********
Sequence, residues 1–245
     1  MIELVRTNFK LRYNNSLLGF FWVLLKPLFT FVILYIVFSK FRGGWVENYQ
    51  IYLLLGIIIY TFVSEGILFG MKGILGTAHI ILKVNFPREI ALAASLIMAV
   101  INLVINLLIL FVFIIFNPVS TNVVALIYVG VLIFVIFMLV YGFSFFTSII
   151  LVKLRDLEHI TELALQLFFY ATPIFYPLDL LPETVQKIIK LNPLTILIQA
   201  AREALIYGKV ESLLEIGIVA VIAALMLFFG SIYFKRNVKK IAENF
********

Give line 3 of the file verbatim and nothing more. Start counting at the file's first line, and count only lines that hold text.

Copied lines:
    51  IYLLLGIIIY TFVSEGILFG MKGILGTAHI ILKVNFPREI ALAASLIMAV